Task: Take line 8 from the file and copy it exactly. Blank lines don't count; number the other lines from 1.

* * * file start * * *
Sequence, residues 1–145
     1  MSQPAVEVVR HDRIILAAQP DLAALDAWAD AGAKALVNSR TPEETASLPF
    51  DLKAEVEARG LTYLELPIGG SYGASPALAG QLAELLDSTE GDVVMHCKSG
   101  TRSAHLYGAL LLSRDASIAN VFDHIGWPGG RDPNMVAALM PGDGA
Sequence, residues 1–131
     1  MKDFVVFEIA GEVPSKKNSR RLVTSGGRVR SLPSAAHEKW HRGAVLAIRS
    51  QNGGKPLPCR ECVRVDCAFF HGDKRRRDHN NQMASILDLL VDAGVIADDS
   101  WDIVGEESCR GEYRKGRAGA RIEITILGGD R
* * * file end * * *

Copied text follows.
   101  WDIVGEESCR GEYRKGRAGA RIEITILGGD R